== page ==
The English common law rules concerning riparian rights developed to govern relations between those who, consistent with the laws of trespass, were. able to obtain access to surface st reams. These rights existed against other riparian owners, and could be asserted only by private rights of action . They thus depended on recourse to the courts through litigat ion . In outline, the riparian doctrine:(a) allowed persons owning land in latera l or vertical contact with a stream to use water for limited purposes, but denied its use to all other potential use rs; (b) only allowed water to be used on the riparian tenement and not on land which was not adjacent to the stream; (c) allowed any amount of water to be used for "ordinary" domestic a nd stock purposes; (d) allowed water to be used for other "extraordinary" purposes, but only if that water was subsequentl y returned to the stream "undiminished in quantity or quality"; (e) permitted a downstream riparian to obtain an injunction against any use by an upstream owner which offended the previous principles, whether or not the plantiff was actually injured by the upstream use. This right of action lay to protect the riparian ' s proprietary interest against the possibility that the upstream use might ripen into a prescriptive right through the doctrine of adverse possession, but left open the possibility of a barren assertion of right in the absence of any actual damage being shown to exist. There were, of course , limited stat utory incursions into this principle by the appointment of local commissioners for water supply and statutory cana l undertakings, which were governed by special Acts of Parliaments. Much of this legislation was sparked by the industrial revolution but was not relevant to conditions of English agriculture. In the sequestered villages of England, the water problems which seemed to create the greatest passion, then as now, were those concern ing the rights to fish in streams. The riparian doctrine was ideally suited to protect fishing rights, with its emphasis on limited use and access to streams.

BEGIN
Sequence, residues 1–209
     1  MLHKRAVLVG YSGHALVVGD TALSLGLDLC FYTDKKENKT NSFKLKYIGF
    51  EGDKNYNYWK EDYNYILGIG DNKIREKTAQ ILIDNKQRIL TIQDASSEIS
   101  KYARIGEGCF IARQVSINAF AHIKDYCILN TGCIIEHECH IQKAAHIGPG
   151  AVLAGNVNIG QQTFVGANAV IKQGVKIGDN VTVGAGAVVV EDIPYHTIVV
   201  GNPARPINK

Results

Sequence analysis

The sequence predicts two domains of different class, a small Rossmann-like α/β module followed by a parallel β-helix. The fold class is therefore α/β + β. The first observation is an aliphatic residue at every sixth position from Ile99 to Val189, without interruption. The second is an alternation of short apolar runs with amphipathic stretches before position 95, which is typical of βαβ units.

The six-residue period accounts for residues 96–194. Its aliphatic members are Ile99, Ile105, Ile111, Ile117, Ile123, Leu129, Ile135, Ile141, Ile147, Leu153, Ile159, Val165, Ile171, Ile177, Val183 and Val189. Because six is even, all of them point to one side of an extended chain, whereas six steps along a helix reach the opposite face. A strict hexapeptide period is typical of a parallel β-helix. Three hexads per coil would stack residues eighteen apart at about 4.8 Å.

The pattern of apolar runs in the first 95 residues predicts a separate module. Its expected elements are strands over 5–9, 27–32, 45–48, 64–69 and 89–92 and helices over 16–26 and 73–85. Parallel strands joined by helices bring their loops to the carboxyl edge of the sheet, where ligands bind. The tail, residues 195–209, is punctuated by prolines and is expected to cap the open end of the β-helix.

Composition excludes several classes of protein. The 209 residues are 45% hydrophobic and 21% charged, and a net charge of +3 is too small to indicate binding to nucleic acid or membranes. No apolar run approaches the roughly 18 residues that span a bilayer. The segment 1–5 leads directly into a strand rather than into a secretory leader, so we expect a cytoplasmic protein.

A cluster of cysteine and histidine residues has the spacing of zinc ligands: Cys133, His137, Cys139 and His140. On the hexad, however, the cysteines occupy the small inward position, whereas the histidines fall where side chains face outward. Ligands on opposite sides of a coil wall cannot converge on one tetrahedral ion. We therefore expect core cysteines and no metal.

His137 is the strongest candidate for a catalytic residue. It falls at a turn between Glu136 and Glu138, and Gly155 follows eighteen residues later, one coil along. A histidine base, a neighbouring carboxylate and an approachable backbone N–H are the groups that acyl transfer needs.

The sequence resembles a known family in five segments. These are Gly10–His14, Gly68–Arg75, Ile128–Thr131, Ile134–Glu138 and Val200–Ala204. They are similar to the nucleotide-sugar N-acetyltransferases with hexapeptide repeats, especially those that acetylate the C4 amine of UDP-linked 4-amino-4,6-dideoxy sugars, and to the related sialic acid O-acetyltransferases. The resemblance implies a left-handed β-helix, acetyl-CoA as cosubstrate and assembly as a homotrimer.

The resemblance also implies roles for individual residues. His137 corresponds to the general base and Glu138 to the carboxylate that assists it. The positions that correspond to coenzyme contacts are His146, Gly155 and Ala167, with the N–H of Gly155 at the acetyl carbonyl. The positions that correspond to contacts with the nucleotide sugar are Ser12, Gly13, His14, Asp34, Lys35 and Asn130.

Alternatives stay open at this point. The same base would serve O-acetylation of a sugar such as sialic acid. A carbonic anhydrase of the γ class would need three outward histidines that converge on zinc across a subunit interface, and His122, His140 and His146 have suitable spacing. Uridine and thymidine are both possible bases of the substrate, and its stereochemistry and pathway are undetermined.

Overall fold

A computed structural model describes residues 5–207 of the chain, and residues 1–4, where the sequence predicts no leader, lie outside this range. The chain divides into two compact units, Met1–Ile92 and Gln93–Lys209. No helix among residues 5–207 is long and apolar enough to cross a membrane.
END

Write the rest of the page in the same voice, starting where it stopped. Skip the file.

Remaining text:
The Author, Harrison Moore, is Professor of Law at the University of Melbourne. This paper was presented by Professor Clark at the A WWA Summer School in Adelaide, in February. Parts 2 and 3 of the paper will appear in subsequent issues of 'Water'. 16


The riparian doctrine and the Austra lian environment

1.2. 1 The physical requirements of irrigation Manifestly, the riparian doctri ne was inadequate to accomplish th e plans for extensive development of irrigation which ultimately fired imagin ation in A ustralia. Almost every aspect of it was offensive. To make irrigation viable, access to water would be needed by persons who were not riparian oweners; water would have to be used on propert ies which were not adjacent to streams; consumptive use of water in large amount s would have to be possible, without the obligation that it be returned to the stream; and it was inconceivab le that a downstream proprietor should be ab le to prevent an upstream irrigator, merely because the water was not returned to the river. Yet the physical inapplicability of the ripa rian doctrine to irrigation in arid areas does not, of itself, explain the legi slative structure which ultimately emerged in Australia . 1.2.2

The Gold Rush The Rush to the Victorian goldfield s in the 1850's, coming, as it did, immediately after the separation of Victoria from New South Wales, ultimately had important consequences for the shape of Australian water legislation. The fledgling Victorian Government was, for the first time, in a position to raise revenue, primarly through the alienation of Crown lands and the close administration of mining rights. From the very begin ning, then, Government adopted the pose of grantor of rights to certain resources, and a tradition of official intervention in resource management was early established. Furthermore, the physical demands of mining led to limited incursions into the riparian doctrine . It was necessary to take water away from streams for sluicing the overburden of claims, and the rules that water could only be ' used on adjacent tenements, and that water must be returned undiminished in quantity and quality failed to meet local needs. Furthermore, the need to counter common problems of sludge abatement led to the formation of local statttory boards with certa in autonomous regulatory powers. In retrospect, it is easy to see how each of these developments ultimately helped to formulate the particular Australian approach to surface-water management.